Her

In the very near future, everyone will have bad haircuts and ill-fitting but colorful clothing. And men will wear their pants hiked up high.

One of the more interesting bits in Spike Jonze’s movie “Her” is that he portrays the future not as a gray, regimented, dystopian place where all thoughts and actions are controlled by some totalitarian government, but one in which technology has taken the very next step making our lives more organized and efficient. In that way, it’s not a very different world than the one in which we live.

But that’s not what “Her” is about. It’s really an examination of the nature of our relationships with one another, told with the added template of technology’s effect on them. Already we see people encasing themselves into small worlds not much bigger than their smartphones and tablets, so why not the next step of falling in love with them? Don’t some of us already love our phones?

Because of this, the film has a permafrost of sadness. Not because it’s a very old, sad tale of finding and then losing love, but because it shows us the way we long for, and yet fear, real connections with real people.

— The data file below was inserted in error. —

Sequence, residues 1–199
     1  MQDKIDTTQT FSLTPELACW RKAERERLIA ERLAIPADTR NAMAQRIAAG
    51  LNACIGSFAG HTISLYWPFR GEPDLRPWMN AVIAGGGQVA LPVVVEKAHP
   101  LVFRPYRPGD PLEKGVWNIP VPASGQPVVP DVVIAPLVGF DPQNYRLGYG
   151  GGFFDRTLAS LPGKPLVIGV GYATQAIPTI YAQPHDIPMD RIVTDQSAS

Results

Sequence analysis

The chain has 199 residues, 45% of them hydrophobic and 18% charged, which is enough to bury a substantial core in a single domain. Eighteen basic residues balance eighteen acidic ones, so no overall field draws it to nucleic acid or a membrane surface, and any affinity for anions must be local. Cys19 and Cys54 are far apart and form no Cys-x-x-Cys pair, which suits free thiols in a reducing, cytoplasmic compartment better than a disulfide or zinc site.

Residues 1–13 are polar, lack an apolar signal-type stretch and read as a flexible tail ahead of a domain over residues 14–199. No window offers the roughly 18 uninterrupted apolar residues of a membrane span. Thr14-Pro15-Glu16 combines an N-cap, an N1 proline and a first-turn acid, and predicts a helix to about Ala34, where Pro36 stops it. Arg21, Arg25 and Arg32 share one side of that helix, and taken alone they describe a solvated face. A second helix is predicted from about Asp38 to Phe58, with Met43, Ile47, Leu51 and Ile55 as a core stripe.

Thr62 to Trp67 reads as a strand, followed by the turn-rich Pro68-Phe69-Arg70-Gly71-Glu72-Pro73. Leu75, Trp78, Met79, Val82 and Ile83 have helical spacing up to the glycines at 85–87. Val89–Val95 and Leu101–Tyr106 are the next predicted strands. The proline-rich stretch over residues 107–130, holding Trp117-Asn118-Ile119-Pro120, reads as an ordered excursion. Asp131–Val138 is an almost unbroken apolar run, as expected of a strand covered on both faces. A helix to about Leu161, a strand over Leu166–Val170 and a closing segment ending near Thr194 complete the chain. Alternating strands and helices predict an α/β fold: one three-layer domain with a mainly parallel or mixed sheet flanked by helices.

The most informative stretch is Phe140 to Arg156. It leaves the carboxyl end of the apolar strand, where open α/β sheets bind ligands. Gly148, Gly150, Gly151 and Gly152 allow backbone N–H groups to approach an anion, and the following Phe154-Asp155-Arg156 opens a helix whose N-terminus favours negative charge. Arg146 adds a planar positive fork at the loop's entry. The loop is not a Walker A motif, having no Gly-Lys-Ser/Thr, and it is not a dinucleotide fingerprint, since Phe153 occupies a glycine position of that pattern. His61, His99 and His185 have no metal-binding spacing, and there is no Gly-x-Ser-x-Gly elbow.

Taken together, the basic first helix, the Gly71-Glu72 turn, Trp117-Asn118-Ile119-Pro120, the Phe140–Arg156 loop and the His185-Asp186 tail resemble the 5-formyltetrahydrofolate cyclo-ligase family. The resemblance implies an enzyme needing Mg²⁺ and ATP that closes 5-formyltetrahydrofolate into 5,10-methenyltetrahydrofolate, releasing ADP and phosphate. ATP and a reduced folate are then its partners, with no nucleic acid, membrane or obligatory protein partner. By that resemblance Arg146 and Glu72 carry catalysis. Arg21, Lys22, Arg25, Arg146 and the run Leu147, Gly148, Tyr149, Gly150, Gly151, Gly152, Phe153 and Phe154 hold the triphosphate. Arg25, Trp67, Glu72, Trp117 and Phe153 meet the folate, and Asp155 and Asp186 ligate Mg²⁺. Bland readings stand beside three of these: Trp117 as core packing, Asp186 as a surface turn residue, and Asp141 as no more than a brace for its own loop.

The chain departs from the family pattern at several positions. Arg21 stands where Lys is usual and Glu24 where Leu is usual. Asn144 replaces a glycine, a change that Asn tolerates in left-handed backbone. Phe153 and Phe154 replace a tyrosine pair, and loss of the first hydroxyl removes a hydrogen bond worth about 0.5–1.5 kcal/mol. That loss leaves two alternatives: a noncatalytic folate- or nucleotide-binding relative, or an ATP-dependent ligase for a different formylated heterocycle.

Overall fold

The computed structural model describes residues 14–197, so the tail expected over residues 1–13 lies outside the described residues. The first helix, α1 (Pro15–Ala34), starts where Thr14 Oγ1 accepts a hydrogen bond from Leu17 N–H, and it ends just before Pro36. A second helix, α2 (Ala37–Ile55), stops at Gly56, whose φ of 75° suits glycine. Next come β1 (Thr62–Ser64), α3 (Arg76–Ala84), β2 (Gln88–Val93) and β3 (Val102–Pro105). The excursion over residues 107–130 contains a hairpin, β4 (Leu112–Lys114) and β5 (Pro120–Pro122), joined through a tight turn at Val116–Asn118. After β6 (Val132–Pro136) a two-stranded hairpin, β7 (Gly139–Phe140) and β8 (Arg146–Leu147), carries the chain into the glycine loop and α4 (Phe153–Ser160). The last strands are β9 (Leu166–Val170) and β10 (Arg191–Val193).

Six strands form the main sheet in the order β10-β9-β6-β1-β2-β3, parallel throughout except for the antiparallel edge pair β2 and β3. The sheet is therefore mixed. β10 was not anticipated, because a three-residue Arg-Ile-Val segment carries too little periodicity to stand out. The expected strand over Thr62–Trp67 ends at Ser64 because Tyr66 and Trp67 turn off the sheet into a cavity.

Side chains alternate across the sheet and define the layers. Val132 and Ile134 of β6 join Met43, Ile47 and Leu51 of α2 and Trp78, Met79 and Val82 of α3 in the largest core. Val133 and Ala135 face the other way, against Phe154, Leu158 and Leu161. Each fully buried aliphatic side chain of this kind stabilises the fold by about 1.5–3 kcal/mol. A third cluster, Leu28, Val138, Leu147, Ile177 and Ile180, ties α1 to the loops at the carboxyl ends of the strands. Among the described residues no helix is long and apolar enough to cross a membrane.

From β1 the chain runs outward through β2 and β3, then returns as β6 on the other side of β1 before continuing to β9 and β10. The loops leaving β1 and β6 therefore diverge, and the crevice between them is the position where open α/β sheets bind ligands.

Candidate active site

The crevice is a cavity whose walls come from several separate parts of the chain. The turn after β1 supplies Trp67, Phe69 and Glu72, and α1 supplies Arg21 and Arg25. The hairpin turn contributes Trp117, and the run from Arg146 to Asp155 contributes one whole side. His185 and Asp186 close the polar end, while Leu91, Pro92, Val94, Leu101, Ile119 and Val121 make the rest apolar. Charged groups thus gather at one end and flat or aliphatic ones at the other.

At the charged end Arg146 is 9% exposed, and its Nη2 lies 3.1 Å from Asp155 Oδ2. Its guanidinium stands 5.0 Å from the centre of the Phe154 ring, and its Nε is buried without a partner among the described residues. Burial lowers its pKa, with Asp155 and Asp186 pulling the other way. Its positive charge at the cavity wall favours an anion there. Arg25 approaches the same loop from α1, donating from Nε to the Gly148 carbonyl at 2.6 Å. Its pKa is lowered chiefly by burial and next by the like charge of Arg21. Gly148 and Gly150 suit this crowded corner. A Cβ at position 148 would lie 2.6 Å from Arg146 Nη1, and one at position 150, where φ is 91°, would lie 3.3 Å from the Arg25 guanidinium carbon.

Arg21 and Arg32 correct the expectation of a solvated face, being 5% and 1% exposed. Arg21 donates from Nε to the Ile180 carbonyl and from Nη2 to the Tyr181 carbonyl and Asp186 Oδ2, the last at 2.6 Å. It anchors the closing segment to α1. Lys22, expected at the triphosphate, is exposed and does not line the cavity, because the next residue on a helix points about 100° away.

The plot of “Her,” simplified, reads “man falls in love with computer.” As such, there’s probably an alternate universe where this is a bad Will Ferrell comedy vehicle, and the plot is very nearly in danger of being laughable and stupid to the point of distraction. What saves it here is Joaquin Phoenix at the top of his game selling the story with complete believability, and he lets us see the metaphor for all our relationships by being unassuming, unthreatening and a bit nerdy.

Amy Adams (my longstanding crush on her is unabated) and Rooney Mara have great turns here as well. Scarlett Johannson helps to sell the story and make it real without ever being seen on camera.

Spike Jonze is an audacious filmmaker, willing to take big risks (like a dumb plot) and fall flat on his face with it. But he makes “Her” work in a completely surprising, completely affecting, completely real way.

There’s a reason “Her” is winning tons of art house awards. Check it out. Five OS’s out of five.

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